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What is a transformational leader?

The Transformational Leader: Transform Your Workplace by Working on Yourself

Great leaders aren’t born. They don’t become effective leaders by reading a book, taking a seminar or even getting advanced degrees. Of course, education is effective for laying the foundation of business theories and practices. But there is another journey every strong leader needs to explore in order to not only achieve their full potential, but transform their team and work environment. 

This element is purely internal. It’s the introspective work that needs to be done. Elements like working through cognitive dissonance and building greater empathy can help transform a leader and a workplace. These are the soft skills that are easy to overlook. Thankfully, we are seeing a new interest from high level leaders to explore these self-development techniques. At the same time, companies across the globe are looking for better ways to nurture employee engagement and happiness. The transformational leader plays a critical role in those improvements. 

The elements that lead to greater leader self-awareness 

You’re probably wondering how you can be proactive and take the steps to be more self-aware and empathetic. Let’s start by outlining the basic steps.

Cognitive Dissonance and the Transformational Leader

First, let’s discuss cognitive dissonance. In a previous article, I explained how cognitive dissonance can get in the way of working mothers progressing in the workplace. I also gave suggestions for how both leaders and working mothers can eliminate the stress and mental friction that comes with cognitive dissonance.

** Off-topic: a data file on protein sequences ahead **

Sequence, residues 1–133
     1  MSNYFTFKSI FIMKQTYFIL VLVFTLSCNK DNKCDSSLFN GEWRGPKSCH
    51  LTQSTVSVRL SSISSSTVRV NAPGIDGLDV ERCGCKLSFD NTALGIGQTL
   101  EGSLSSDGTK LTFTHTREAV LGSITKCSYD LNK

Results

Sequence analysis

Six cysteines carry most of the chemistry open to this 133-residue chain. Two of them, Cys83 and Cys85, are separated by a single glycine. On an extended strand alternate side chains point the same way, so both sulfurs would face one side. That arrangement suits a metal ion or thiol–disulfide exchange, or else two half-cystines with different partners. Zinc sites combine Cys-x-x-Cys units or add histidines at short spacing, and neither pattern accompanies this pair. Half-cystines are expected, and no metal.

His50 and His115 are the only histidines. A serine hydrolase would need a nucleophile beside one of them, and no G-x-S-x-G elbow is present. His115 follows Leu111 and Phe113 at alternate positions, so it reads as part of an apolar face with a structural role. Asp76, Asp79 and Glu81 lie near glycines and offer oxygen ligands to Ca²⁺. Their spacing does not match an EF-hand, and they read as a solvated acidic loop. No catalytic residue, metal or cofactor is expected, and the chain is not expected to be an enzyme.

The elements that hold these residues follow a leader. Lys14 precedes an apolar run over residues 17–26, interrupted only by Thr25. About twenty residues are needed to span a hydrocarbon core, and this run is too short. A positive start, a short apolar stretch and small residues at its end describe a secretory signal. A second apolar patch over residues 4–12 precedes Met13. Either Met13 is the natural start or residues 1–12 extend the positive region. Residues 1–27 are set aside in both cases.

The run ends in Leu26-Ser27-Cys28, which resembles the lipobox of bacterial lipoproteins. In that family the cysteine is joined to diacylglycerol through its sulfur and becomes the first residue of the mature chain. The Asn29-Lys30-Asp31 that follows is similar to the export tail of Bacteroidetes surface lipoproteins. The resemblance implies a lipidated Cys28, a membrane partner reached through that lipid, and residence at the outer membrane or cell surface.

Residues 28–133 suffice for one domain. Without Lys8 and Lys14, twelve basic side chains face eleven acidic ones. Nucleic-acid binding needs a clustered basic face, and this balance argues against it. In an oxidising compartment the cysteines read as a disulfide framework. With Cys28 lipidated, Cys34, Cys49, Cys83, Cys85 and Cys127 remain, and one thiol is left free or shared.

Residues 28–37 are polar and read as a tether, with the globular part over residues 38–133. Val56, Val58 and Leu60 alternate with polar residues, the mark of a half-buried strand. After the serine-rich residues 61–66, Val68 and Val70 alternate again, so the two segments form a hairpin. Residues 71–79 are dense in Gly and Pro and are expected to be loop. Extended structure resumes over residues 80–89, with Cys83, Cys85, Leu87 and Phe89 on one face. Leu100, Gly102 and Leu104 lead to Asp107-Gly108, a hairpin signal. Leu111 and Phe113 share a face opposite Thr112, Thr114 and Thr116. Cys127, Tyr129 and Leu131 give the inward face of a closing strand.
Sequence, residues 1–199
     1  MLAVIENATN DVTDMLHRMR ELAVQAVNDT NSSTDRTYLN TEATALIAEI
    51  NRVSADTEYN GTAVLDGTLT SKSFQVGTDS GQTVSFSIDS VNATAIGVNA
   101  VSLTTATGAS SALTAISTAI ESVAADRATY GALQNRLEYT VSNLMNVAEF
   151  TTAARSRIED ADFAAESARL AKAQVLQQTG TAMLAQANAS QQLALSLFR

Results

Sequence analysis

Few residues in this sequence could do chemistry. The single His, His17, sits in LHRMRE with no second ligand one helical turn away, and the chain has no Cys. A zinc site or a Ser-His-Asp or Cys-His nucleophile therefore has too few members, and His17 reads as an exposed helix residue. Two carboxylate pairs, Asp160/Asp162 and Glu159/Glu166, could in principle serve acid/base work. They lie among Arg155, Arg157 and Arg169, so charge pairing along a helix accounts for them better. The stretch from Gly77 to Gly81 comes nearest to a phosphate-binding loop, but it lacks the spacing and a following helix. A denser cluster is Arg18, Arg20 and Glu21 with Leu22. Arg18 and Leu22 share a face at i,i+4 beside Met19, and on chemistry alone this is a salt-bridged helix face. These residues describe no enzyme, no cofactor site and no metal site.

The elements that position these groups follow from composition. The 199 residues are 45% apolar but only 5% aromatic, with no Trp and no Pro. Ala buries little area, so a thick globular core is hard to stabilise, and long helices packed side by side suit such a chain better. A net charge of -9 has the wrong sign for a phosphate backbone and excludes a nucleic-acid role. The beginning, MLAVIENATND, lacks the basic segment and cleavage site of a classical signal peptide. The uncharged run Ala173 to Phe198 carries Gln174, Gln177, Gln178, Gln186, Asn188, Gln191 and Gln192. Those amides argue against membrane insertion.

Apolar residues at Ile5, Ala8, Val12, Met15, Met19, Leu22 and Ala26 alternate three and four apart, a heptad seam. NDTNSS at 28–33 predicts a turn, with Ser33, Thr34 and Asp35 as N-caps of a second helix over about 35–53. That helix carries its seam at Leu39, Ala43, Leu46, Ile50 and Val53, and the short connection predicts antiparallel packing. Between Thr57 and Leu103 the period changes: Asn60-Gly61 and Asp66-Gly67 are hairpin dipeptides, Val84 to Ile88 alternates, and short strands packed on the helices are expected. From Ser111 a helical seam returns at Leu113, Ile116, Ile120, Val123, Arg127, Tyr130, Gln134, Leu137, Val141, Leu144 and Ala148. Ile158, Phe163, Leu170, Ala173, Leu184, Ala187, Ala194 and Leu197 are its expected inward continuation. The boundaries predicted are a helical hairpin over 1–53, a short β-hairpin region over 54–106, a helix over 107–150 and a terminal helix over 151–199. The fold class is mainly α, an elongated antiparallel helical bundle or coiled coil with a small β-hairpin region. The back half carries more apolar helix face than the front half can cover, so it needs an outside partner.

Leaders can identify and transcend the issues that cognitive dissonance can create. Cognitive dissonance is the mental state of being unsettled by conflicting beliefs and actions. Cognitive dissonance results in holding two conflicting ideas, beliefs, values, attitudes, behaviors. The uncomfortable tension which comes from holding two conflicting thoughts in the brain at the same time. Example: I should spend more time with my kids / I should spend more time at work.

In an unpredictable world, our minds want to learn things and then rely on those things to always be true. When we’re presented with new, conflicting information, this causes stress and reactionary thinking. We may dig into our old set beliefs, rationalizing why we continue to be right. Our minds may look for ways to justify maintaining our long held beliefs. 

Cognitive dissonance is quite common and prevalent in the workplace. As you can imagine, it can limit growth and lead to us expend energy on conflicts that don’t deserve so much attention.    

Practicing Introspection to Transcend Cognitive Dissonance

The benefits of recognizing and minimizing the negative effects of cognitive dissonance are great. When we become more socially aware it provides us with better understanding on how to crack the cognitive dissonance code. We become better able to understand individuals at the core of who they are, what they’re made of and what animates them so as to start stimulating and leading with a better knowledge and understanding of our teams. 

Going against your flow, cognitive dissonance can wear you out and create mental fatigue. Conversely, making mental health care a priority can have profoundly positive results on your effectiveness as a leader. Mental immunity is the state of creating protections (not barriers) that keep the trials of the day from depleting us. The more we can resolve issues before they arise, the more mental immunity we can create.